“Tradeshows are critical to bringing an industry together and establishing business relationships face-to-face. CES convenes tech advocates from around the globe and provides a place for attendees to gather and do business. Attendees conduct an average of 33 meetings while at CES, and we look forward to seeing this level of business impact when we return to Las Vegas this January.”
Tom Corcoran, President, Corcoran Expositions
“Corcoran Expositions, Inc. has organized 11 safe and successful tradeshows since July. Something that has worked for us has been to develop safety-first trade show floor plans that moved away from having eight to ten companies set up in a row and instead went with a concept in which no one exhibitor would have more than one neighbor next to them. We did this by greatly expanding the exhibit floor by adding more cross aisles throughout the floor plan which helped us to provide more social distancing all around the exhibit floor. We have also utilized two entrances and two separate exits and have had hand sanitizer stations placed throughout the hall. By spreading things out, we created a comfort zone for both exhibitors and attendees.” To visualize the spaciousness and added safety of this concept click on ABCA 2022 Floor Plan to see an example of this type of booth layout.
Michael McMahon, President & CEO, Hill & Partners, Inc.
“Face-to-face engagement, in our experience economy, is a proven way to connect, move and inspire an audience. The sophistication of the show floor, and the ever-expanding omnichannel environment, can yield a wide variety of options to gain feedback from targeted prospects and current brand advocates alike. We have moved beyond the 20th century measurement process; “how many did we sell? … and what did it cost to be here?” Now with technology solidly holding a place in almost every B2B or B2C offering, the measurement of immersive co-created experiences has become much more complex and challenging. Today, success often hinges on a more deeply perceived relationship with a product or service, which typically yields an expanded offering. Those offerings often require a more favorable person to person environment for engagement, designed to gain traction and influence.
“Tradeshows continue to provide a unique and highly effective opportunity for people, product and brands to collide. All within a multi-faceted, purpose-driven and deliberately-designed experience.
Anik Forest, President, Archex
“The shows are back and deals are happening on the show floor. In the past few months, we have noticed that even though the attendance might be lower, the quality of the visitors are much more valuable. As an example, businesses that used to send three to five people to a show as visitors, are now sending one to two people only—but they are the good ones. If they are traveling to a show, it is to get business done. So I say quality over quantity—not a bad thing after all.”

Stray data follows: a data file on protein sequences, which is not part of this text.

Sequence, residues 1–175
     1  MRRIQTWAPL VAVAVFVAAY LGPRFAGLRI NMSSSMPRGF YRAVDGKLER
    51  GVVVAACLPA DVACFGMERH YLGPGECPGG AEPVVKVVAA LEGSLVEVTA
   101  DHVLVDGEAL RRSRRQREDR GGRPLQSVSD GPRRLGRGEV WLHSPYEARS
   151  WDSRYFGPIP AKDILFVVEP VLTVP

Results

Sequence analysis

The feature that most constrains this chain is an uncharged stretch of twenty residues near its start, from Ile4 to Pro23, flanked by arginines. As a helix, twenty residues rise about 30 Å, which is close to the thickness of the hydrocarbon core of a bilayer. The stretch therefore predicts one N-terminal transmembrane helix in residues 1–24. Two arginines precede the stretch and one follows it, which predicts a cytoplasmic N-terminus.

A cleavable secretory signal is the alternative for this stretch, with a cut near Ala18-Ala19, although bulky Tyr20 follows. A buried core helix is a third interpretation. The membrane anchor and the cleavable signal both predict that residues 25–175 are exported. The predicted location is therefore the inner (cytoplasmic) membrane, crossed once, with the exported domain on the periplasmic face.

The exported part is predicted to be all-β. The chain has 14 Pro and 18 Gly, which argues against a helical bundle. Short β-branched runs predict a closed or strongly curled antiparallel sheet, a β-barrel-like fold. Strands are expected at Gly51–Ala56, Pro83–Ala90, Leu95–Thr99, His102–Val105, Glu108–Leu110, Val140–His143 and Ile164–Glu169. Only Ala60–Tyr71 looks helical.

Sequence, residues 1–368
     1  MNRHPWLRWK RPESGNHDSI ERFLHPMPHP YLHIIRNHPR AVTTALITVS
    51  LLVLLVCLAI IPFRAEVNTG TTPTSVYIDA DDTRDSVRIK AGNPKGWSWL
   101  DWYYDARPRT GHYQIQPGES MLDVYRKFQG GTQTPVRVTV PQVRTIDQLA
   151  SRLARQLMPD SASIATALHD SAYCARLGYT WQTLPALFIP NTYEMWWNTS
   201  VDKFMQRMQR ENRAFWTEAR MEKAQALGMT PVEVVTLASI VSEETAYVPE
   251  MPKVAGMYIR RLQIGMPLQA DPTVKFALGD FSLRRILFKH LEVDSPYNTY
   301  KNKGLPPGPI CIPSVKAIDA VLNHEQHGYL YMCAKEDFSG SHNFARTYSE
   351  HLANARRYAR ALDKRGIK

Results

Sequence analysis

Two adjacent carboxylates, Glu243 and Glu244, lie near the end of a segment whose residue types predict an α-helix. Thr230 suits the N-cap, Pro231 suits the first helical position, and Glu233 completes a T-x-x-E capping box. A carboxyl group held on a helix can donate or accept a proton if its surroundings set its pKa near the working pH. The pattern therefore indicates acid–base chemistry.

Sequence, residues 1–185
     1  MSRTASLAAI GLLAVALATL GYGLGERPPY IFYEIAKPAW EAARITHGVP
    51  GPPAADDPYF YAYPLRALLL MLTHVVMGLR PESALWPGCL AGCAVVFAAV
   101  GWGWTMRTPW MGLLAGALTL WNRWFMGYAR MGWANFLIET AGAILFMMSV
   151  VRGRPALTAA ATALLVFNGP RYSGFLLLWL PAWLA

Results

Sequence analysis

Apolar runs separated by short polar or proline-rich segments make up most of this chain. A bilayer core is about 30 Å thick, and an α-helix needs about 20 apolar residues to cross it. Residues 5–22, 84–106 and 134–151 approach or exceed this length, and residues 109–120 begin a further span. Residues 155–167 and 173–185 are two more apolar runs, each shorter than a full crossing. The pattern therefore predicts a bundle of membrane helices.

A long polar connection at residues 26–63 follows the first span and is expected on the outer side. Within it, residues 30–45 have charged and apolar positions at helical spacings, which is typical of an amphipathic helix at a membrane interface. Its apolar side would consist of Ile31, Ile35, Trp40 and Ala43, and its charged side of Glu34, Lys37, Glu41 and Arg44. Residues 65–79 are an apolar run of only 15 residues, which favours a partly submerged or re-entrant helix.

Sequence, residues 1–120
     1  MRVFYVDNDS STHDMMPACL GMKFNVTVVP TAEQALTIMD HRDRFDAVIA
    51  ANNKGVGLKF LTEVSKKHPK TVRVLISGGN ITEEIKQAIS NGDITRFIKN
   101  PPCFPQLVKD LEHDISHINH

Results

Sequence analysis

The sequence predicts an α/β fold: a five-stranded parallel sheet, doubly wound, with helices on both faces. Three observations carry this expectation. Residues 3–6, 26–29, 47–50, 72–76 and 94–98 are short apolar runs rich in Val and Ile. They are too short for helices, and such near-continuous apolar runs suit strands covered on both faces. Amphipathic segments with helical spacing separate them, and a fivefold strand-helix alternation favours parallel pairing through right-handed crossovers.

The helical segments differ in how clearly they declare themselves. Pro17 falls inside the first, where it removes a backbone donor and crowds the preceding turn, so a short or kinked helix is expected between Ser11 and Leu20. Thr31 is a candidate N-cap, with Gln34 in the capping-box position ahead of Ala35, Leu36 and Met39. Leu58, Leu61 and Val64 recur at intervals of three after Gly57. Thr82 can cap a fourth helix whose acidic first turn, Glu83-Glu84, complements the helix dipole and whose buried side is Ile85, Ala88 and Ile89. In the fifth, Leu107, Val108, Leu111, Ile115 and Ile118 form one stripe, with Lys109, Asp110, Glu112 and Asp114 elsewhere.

Matt Hrdlicka, President, Limitless Exhibits
“Tradeshows work because we’re people, and proximity matters a lot to people. Especially as remote work becomes more commonplace, and we see each other, our co-workers and clients less often, in-person annual and semi-annual events might gain greater importance as gathering points for industries. Even during a challenging 2021, with lower attendance and restrictions, what we’ve heard from our clients has been consistent: the motivated buyers and decision makers are coming, and there’s no better sales point than meeting face-to-face with a motivated buyer.”
Herb Besaw. President & CEO, Spoon Exhibits and Events
“Some like to say “the tradeshow industry,” others will say “live events” or another fancy version of “face-to-face marketing.” Regardless of what you call it, “it” works.
“Having spent over 40 years watching organizations present themselves in environments to engage with others, has proven that a handshake (or now a toe touch or a fist bump) still works!
“If COVID has proven anything, it is that our desire to interact, engage and to look someone in the eye has a proven value. Trust, education and excitement are quickly built with this direct contact and engagement.
“Tradeshows, live events and face-to-face marketing deliver! That has not changed.”
There is no substitute for face-to-face meetings. They develop relationships and energize businesses. They are fun, engaging, exciting, informative, productive, magical and positively irreplaceable. The tradeshow industry is an economic engine that drives millions of jobs, generates billions of dollars in revenue, and propels the economy with over a trillion-dollar contribution to the GDP. Tradeshows do more than work; they flat-out rock.
Bob McGlincy is director, business management at Willwork Global Event Services. Willwork creates engaging, energized, and exceptional event experiences. He can be contacted at Bob.McGlincy@willwork.com.
Note from the Publisher: We planned for this article to appear in our Q1 print edition, but due to unforeseen circumstances, we had to change our plans at the last minute and we regret that we weren’t able to include this piece in our print edition.